By John Gardner
America’s greatest living orchestra conductor, Louis Passau, is ninety.
Still sound in mind and body, he prepares to commemorate this milestone at a concert at New York’s Lincoln Center. But scandal threatens to spoil Passau’s celebration when he is accused of having spied for Hitler and of aiding clandestine KGB operations in the United States during the Cold War.
Western intelligence services have come to an arrangement with the Maestro: he may conduct the concert, but he is to be interrogated immediately afterward by SIS agent Herbie Kruger. When the concert ends, an attempt is made on Passau’s life and Herbie takes the Maestro into hiding.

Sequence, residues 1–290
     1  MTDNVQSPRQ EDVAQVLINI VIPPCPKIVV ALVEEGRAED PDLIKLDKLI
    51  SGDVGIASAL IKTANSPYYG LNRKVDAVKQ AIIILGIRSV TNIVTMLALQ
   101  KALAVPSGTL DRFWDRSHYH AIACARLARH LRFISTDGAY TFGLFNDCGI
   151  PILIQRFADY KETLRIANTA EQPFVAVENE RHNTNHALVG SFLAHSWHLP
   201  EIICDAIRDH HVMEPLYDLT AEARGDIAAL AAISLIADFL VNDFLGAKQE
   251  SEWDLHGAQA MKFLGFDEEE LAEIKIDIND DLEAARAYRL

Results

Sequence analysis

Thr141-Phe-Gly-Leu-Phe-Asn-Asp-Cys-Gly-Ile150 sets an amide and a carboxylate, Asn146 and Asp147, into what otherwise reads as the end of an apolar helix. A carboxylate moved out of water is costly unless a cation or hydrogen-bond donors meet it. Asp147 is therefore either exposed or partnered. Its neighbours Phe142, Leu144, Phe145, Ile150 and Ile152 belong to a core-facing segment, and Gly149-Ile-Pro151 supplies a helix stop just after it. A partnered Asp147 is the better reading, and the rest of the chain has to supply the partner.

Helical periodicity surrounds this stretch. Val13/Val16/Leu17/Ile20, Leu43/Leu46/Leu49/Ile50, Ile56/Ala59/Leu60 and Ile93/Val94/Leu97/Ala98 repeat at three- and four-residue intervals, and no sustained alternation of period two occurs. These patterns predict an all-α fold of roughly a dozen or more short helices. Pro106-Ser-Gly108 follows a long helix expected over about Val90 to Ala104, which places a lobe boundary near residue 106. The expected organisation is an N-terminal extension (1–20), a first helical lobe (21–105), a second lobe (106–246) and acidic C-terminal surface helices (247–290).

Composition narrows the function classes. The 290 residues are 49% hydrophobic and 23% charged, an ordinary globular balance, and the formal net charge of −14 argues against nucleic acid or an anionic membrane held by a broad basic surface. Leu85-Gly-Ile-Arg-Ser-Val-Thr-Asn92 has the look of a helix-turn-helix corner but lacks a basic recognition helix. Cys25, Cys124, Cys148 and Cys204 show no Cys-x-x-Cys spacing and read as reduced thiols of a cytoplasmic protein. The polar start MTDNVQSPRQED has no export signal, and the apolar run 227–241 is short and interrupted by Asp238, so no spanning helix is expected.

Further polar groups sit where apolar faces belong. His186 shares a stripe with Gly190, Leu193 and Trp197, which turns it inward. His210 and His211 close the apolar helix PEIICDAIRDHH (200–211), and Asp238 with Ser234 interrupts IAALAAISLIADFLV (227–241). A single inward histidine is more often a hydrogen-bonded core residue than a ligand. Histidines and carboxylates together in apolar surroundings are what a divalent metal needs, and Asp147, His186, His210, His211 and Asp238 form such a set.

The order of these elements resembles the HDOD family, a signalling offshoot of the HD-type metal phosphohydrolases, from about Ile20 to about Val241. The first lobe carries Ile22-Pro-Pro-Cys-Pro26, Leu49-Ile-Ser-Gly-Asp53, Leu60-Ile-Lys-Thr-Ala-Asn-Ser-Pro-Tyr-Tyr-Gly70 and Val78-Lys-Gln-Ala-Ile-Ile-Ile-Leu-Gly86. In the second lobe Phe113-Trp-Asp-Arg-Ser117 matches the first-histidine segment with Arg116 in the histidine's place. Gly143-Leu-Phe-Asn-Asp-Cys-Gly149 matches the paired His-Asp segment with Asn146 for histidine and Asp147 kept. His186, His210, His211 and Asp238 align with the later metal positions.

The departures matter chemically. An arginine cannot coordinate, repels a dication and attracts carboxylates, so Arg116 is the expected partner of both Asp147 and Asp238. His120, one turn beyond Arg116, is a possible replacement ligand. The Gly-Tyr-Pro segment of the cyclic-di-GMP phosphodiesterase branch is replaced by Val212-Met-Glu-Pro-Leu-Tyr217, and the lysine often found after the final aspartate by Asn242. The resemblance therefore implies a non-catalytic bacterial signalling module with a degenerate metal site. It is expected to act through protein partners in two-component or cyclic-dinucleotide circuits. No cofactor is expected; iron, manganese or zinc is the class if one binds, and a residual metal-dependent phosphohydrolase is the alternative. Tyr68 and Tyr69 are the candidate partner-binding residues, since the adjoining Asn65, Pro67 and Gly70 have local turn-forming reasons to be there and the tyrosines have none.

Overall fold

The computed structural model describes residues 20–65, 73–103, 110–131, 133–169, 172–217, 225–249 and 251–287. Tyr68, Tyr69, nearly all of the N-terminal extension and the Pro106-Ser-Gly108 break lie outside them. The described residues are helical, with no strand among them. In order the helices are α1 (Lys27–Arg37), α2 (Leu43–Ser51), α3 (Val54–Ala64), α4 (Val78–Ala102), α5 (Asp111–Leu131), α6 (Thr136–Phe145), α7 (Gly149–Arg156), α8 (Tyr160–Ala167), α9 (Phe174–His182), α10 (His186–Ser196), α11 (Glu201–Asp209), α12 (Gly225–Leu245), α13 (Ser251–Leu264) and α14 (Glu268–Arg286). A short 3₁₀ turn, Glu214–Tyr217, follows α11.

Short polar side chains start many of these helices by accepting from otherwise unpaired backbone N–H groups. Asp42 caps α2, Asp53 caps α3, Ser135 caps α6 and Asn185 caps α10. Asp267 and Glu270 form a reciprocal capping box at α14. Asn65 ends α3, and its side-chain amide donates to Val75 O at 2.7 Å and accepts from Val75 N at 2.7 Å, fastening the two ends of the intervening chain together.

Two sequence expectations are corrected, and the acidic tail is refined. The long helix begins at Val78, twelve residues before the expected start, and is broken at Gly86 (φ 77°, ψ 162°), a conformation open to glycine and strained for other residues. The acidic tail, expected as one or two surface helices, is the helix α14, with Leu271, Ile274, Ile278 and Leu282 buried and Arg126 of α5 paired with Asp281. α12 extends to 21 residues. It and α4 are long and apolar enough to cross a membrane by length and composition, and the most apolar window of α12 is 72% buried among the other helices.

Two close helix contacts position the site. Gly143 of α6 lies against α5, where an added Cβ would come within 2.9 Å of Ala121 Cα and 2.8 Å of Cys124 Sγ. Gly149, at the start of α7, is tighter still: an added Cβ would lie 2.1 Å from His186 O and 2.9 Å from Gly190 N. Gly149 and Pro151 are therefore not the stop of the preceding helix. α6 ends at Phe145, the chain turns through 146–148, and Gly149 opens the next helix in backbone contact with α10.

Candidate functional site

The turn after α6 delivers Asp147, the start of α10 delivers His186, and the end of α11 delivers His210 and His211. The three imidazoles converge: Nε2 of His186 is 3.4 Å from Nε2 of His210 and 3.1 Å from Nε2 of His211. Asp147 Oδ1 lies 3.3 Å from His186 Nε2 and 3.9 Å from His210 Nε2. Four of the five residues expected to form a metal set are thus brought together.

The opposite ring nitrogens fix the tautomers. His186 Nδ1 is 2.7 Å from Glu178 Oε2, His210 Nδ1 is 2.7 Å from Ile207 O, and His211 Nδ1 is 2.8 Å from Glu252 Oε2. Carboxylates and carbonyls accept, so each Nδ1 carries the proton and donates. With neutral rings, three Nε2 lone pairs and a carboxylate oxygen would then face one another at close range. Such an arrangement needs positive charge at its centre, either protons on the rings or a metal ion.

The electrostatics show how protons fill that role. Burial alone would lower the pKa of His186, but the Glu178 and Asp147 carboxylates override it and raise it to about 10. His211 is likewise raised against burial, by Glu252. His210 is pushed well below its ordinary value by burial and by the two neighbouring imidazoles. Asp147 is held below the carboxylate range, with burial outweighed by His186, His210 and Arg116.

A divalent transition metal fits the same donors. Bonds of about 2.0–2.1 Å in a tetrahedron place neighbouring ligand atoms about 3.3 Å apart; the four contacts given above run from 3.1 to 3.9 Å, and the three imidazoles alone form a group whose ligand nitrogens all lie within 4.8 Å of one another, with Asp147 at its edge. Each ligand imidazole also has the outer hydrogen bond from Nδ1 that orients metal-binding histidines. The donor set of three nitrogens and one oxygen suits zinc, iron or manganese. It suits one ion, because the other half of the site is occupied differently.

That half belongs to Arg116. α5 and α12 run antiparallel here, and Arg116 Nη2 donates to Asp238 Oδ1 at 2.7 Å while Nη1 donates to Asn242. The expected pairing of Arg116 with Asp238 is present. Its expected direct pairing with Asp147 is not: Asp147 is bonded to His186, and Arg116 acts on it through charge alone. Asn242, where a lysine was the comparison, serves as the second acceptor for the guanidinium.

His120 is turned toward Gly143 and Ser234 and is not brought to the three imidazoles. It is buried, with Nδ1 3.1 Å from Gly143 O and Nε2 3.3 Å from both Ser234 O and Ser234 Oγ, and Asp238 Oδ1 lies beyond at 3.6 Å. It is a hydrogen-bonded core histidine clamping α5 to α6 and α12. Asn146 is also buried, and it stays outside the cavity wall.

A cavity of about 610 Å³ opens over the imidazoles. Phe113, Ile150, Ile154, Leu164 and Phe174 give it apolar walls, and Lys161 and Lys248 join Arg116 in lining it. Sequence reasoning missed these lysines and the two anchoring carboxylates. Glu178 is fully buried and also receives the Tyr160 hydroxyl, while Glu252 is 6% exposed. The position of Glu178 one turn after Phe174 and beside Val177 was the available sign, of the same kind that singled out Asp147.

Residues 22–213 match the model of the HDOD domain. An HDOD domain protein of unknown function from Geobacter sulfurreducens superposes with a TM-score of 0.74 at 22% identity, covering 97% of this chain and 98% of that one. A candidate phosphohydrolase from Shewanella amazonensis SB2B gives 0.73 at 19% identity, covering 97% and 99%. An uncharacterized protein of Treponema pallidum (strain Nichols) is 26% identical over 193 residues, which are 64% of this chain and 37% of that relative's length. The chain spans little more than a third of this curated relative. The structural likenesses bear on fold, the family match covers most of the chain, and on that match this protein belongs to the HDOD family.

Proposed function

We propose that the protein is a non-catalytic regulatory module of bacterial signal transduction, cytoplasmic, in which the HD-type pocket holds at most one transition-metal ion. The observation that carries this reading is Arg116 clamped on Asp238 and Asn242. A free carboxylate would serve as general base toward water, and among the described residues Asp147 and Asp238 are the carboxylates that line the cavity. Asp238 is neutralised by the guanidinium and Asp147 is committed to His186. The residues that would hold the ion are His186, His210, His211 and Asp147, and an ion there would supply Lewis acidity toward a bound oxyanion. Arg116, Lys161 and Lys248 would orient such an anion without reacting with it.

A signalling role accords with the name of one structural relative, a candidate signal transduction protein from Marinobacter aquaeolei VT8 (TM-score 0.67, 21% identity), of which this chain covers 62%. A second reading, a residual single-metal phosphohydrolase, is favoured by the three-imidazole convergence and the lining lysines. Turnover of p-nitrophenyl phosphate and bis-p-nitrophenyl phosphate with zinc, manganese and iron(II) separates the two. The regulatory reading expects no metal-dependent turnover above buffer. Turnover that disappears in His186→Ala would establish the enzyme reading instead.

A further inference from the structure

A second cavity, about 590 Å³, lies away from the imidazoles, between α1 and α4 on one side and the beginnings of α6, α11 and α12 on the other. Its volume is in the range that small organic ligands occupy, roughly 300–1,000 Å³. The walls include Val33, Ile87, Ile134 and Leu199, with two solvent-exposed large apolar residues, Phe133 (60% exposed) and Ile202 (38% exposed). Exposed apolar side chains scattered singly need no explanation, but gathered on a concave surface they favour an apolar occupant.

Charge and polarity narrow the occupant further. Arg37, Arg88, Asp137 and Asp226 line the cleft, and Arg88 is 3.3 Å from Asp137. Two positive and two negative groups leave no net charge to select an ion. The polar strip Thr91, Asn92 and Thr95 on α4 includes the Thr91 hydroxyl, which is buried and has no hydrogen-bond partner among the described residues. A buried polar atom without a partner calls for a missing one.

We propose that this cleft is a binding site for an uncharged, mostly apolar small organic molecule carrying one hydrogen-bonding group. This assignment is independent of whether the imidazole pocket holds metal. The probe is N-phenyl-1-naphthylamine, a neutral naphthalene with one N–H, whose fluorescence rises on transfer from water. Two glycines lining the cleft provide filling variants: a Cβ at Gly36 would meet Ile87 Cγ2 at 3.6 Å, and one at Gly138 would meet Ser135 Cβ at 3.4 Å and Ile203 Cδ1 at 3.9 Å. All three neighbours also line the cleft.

There Kruger listens to the extraordinary confession of this fatally flawed man-brilliant on the podium, charming in public, foul-mouthed and streetwise in private-a man whose deceits, successes and often tragic loves are as improbable as they are enthralling. It becomes more and more difficult to separate truth from fiction, it also becomes nearly impossible to determine who the Maestro actually is-the musician, Passau, or his interrogator, Kruger.